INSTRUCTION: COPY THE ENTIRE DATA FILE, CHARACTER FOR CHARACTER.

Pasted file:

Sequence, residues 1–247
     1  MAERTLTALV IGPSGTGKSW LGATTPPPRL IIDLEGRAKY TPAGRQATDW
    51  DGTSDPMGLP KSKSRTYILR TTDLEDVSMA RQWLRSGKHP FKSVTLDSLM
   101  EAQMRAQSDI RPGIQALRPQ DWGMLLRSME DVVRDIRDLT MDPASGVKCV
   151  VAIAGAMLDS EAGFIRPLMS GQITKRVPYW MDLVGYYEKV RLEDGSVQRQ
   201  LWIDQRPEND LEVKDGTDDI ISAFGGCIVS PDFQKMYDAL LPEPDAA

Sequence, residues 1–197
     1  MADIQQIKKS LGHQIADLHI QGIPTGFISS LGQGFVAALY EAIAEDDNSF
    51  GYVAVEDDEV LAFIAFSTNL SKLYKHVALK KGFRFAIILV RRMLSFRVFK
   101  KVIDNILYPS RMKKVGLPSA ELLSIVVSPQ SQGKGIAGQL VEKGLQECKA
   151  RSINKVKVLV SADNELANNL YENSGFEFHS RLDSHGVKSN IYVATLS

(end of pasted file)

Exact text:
Sequence, residues 1–247
     1  MAERTLTALV IGPSGTGKSW LGATTPPPRL IIDLEGRAKY TPAGRQATDW
    51  DGTSDPMGLP KSKSRTYILR TTDLEDVSMA RQWLRSGKHP FKSVTLDSLM
   101  EAQMRAQSDI RPGIQALRPQ DWGMLLRSME DVVRDIRDLT MDPASGVKCV
   151  VAIAGAMLDS EAGFIRPLMS GQITKRVPYW MDLVGYYEKV RLEDGSVQRQ
   201  LWIDQRPEND LEVKDGTDDI ISAFGGCIVS PDFQKMYDAL LPEPDAA

Sequence, residues 1–197
     1  MADIQQIKKS LGHQIADLHI QGIPTGFISS LGQGFVAALY EAIAEDDNSF
    51  GYVAVEDDEV LAFIAFSTNL SKLYKHVALK KGFRFAIILV RRMLSFRVFK
   101  KVIDNILYPS RMKKVGLPSA ELLSIVVSPQ SQGKGIAGQL VEKGLQECKA
   151  RSINKVKVLV SADNELANNL YENSGFEFHS RLDSHGVKSN IYVATLS